In this illustrated report, we explore how the Organic Seed Alliance is working with local farmers, scientists, and chefs to adapt crops to new environments—and the changing climate.
June 15, 2021
Civil Eats is thrilled to announce that Andi Murphy (Diné) will join our team as our first Indigenous Foodways Fellow. This new, year-long position is designed to support a journalist as they deepen their reporting skills, develop their unique voice, receive valuable mentoring, and publish strong work.
In addition to being a freelance food writer, photographer, speaker, and home cook, Murphy is the creator, host, and producer of the award-winning “Toasted Sister Podcast,” a show that documents the Native American food movement. She’s also an associate producer for the “Native America Calling” radio program, a one-hour national radio show focused on Indigenous issues.
“I’d like to thank Civil Eats for creating this fellowship and devoting space for Indigenous food stories,” said Murphy. “This is a big opportunity for me to educate readers and audiences about the delicious and impressive hard work being done by tribes, communities, and culinary leaders in this very active and complex Indigenous food movement. Their work, backed by culture and a history that extends thousands of years, is happening in every corner of this continent in response to myriad issues that impact Indigenous people, specifically, as well as those who now occupy their land. These food stories need to be told and I’m happy to devote my energy and expertise to bring them to light.”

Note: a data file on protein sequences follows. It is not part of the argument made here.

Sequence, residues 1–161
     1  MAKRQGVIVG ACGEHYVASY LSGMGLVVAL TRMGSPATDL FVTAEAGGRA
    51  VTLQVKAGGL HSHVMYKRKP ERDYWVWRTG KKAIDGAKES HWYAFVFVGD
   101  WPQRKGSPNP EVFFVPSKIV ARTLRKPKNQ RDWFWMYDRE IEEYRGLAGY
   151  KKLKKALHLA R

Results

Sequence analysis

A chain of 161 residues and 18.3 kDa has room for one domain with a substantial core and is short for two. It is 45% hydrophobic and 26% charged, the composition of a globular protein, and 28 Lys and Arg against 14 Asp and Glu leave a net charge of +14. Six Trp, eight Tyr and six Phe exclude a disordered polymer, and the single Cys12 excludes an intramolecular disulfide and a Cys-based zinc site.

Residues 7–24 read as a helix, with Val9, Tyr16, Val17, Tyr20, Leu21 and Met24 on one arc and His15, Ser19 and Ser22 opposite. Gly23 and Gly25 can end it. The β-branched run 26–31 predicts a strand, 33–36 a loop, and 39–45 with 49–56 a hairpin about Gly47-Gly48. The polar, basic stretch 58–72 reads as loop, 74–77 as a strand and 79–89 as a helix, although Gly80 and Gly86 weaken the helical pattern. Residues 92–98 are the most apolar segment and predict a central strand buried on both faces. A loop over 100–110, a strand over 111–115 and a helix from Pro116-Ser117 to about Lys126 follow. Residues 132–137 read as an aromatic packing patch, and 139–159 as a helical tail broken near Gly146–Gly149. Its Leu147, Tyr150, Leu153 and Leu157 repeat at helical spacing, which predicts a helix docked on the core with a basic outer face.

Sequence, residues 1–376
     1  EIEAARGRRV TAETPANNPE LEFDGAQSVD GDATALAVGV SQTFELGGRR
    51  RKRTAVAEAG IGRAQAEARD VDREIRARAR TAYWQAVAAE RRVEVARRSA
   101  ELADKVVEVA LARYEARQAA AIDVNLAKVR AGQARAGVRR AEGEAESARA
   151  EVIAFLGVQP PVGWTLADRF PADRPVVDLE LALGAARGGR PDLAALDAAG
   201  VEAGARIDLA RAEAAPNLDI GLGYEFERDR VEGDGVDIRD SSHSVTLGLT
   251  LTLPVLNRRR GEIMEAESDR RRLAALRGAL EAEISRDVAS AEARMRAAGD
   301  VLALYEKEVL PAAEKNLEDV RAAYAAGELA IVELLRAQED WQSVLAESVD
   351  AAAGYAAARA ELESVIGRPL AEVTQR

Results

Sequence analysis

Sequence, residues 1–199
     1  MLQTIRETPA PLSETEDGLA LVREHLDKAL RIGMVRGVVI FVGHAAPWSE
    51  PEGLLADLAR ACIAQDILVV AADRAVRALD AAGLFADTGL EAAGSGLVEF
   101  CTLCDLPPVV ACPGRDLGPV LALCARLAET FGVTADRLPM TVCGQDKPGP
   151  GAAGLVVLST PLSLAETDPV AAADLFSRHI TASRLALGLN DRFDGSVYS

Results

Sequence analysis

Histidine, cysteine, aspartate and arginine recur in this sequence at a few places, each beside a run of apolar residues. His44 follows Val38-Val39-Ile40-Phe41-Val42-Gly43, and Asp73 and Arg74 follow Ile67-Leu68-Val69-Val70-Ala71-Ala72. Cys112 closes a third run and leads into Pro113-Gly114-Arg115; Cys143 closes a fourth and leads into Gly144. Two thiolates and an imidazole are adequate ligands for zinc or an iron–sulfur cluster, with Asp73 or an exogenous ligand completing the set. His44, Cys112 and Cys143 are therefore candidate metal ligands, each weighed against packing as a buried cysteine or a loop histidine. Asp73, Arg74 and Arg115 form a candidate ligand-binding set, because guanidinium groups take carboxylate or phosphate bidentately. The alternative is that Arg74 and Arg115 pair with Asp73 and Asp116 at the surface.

Murphy grew up on the Navajo reservation in New Mexico. She has a journalism degree from New Mexico State University and has been working in the field since 2011. She lives in Albuquerque, New Mexico with her cats, Carrot and Lucifur.
We profiled Murphy in 2018, and she has reported stories for us as well. We have tracked her impressive work ever since, and look forward to working with her to support her reporting on sovereignty, racism, sexism, politics, and health, as well as stories connecting food, flavor, and culture. Civil Eats has reported on Indigenous Foodways since 2013.
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